Learn how to earn interest on your savings or take out a loan using crypto as collateral
Definition CeFi, short for centralized finance, offers some of the yield benefits of DeFi with some of the ease of use and security of traditional financial-services products. With CeFi, you can earn interest on savings, borrow money, spend with a crypto debit card, and more.
One of crypto’s core concepts is “decentralization” — which allows transactions between strangers anywhere in the world to be conducted without any kind of institution in the middle. DeFi (short for decentralized finance) takes that idea the farthest. It’s an entire ecosystem of smart-contract powered apps that make it possible to lend, save, trade, and more — all without any kind of bank or payment processor in the middle.
But because DeFi is an emerging technology, it comes with a set of unique risks. Navigating DeFi protocols requires a relatively strong level of technical knowledge and comfort with the potential for losing some of all of your investment in the case of buggy code, malicious actors, or even simple user error.
CeFi, as you’ve probably guessed, stands for “centralized finance.” The core idea behind CeFi is to create crypto investment opportunities that offer some of the yield benefits of DeFi with some of the ease of use and security of traditional financial-services products (sometimes referred to as TradFi). With CeFi, you can borrow money, buy and sell crypto, spend and earn rewards with a crypto debit card, and more.
How do you earn yield with CeFi?
CeFi creates the potential for earning yield via crypto-based accounts that are functionally similar to a traditional bank’s savings accounts — but may offer substantially higher returns. Unlike conventional savings accounts, crypto deposits aren’t currently eligible for government-backed FDIC or SIPC insurance so you should make sure to understand the risks involved. Coinbase, however, does offer a principal guarantee on the USDC you deposit for CeFi lending.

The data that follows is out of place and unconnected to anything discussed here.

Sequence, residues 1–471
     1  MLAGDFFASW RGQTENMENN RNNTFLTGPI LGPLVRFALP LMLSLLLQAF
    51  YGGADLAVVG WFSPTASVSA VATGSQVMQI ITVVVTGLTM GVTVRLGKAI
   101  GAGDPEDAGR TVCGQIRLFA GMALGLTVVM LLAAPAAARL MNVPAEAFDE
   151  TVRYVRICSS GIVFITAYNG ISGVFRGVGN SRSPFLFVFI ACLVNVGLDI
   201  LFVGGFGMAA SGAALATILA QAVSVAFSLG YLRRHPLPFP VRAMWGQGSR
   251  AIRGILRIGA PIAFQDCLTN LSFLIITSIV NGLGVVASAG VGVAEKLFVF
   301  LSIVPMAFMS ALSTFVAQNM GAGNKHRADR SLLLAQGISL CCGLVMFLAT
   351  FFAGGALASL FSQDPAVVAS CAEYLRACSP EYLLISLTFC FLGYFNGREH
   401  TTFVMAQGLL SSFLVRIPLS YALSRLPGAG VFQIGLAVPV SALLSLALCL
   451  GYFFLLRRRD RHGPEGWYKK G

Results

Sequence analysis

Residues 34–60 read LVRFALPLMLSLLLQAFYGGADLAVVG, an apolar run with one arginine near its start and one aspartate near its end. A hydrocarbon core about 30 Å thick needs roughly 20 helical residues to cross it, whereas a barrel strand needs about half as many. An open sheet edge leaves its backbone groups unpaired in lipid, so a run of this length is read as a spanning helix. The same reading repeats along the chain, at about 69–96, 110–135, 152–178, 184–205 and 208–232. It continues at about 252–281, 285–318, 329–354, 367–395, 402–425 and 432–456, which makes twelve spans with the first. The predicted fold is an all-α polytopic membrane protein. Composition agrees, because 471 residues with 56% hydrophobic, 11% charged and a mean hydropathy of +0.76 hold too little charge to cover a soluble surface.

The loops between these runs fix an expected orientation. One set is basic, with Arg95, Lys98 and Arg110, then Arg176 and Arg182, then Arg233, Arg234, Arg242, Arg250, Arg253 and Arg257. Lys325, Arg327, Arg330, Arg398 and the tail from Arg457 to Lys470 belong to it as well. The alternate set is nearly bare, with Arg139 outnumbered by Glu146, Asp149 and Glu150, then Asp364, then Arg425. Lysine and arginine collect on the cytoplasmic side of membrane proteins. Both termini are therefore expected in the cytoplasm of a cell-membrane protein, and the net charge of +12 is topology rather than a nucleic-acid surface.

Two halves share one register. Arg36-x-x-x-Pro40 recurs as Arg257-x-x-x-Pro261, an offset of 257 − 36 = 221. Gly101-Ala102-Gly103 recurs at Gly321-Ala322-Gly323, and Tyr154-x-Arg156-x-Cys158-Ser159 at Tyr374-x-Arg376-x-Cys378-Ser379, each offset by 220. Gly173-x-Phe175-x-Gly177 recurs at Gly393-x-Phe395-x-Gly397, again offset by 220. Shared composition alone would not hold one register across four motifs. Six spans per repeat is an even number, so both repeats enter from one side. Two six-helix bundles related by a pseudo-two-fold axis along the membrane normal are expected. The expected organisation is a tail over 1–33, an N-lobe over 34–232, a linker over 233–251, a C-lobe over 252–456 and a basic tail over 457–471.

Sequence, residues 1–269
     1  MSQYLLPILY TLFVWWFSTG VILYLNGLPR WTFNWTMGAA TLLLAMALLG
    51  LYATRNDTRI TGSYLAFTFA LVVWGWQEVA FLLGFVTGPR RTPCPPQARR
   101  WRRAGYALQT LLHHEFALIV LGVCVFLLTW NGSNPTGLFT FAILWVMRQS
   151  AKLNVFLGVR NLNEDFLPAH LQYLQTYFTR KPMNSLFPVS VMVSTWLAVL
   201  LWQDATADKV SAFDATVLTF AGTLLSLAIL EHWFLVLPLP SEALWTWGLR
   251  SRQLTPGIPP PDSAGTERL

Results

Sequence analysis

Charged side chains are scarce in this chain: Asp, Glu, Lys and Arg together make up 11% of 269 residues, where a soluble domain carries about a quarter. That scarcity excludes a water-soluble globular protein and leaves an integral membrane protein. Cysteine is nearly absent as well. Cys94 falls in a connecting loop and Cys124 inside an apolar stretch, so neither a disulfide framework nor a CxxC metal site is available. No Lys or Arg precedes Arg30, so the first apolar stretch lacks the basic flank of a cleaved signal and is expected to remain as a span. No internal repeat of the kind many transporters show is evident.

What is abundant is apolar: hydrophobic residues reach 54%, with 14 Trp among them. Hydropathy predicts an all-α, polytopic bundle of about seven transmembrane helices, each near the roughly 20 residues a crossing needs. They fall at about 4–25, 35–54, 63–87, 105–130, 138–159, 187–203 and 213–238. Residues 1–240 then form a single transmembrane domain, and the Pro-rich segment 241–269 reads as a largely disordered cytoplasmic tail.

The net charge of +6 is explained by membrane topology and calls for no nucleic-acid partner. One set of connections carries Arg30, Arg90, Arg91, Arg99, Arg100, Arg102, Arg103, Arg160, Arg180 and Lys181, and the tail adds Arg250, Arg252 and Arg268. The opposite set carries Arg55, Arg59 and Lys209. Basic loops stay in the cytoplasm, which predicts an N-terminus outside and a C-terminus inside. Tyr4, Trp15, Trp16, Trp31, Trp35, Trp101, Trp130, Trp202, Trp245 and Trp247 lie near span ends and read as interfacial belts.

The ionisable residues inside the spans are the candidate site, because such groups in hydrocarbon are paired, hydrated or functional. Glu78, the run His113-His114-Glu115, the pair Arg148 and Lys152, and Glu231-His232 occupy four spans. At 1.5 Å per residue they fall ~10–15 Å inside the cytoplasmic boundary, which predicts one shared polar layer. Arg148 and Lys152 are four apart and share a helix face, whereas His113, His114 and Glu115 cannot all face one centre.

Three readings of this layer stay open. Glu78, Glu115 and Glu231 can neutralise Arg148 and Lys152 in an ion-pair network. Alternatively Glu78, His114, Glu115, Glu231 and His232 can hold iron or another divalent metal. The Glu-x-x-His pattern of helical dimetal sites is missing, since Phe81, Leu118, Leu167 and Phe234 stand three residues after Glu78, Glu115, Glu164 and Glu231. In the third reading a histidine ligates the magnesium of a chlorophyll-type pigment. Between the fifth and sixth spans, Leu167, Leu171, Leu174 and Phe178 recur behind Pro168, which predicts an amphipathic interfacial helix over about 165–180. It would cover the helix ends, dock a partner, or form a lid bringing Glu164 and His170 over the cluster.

The general concept involves holding some of your crypto on one of the many platforms that offer this kind of product. Via Coinbase, US-based customers in many states can now sign up for a waitlist to start earning an annual yield of 4% for holding USD Coin (USDC).
Where does the yield come from?
Some or all of your crypto holdings are put to work and lent out to others. These borrowers pay the centralized provider an interest rate for borrowing, and that provider passes on some of the interest to you.
How does CeFi borrowing connect to CeFi lending/saving?
CeFi makes it possible to borrow money against your crypto holdings, the same way you’d use traditional assets as collateral to apply for a bank loan. It’s the flip side of lending — the interest users pay for borrowing money is where the yield you can earn for holding crypto via CeFi is generated.
Unlike bank loans, CeFi loans typically require little or no paperwork. Via Coinbase, US-based customers in many states can borrow up to $100,000 without a credit check.
What are some CeFi risks?
Each CeFi product and provider is unique and may put your deposited crypto to work in ways that have higher or lower levels of risk. It’s important to do your homework and understand how your crypto is being used, how the yield you’re earning is generated, and what risks are entailed.
Remember: crypto deposits aren’t currently eligible for the government-backed insurance that protects savings held by a traditional bank. (That said, Coinbase’s CeFi lending product offers a principal guarantee.)
Some CeFi providers might lock up your principal for a period of time. Coinbase, however, allows you to access your USDC at any time.
All stablecoins aren’t created equal. For example, USDC is based on open-source code that anyone can scrutinize. USDC is backed by dollar-denominated assets of at least equal fair value to the USDC in circulation, in segregated accounts with US regulated financial institutions. You can buy USDC via exchanges like Coinbase, and hold it in any Ethereum compatible wallet. There are no fees for transferring a US dollar to USDC. The launch of USDC was powered by a collaboration between Coinbase and Circle through the co-founding of the CENTRE Consortium.